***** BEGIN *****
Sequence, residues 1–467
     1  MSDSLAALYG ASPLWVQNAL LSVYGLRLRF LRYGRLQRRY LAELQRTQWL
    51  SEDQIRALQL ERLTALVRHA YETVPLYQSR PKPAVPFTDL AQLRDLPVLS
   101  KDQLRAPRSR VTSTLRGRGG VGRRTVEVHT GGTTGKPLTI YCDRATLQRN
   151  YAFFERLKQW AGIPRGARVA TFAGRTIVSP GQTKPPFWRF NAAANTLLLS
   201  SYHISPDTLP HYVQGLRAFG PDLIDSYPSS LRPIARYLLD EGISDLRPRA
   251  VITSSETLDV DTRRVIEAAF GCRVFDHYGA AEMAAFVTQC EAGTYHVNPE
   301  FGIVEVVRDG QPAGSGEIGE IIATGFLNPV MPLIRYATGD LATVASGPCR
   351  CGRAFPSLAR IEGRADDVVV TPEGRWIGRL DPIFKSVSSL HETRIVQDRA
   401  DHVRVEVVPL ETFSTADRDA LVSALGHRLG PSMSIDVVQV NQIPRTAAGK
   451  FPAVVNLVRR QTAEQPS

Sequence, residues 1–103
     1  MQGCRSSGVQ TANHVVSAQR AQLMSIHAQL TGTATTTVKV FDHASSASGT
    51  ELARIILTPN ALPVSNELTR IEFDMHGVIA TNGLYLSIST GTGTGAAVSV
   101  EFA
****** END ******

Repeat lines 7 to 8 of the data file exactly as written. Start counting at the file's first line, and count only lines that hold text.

   251  VITSSETLDV DTRRVIEAAF GCRVFDHYGA AEMAAFVTQC EAGTYHVNPE
   301  FGIVEVVRDG QPAGSGEIGE IIATGFLNPV MPLIRYATGD LATVASGPCR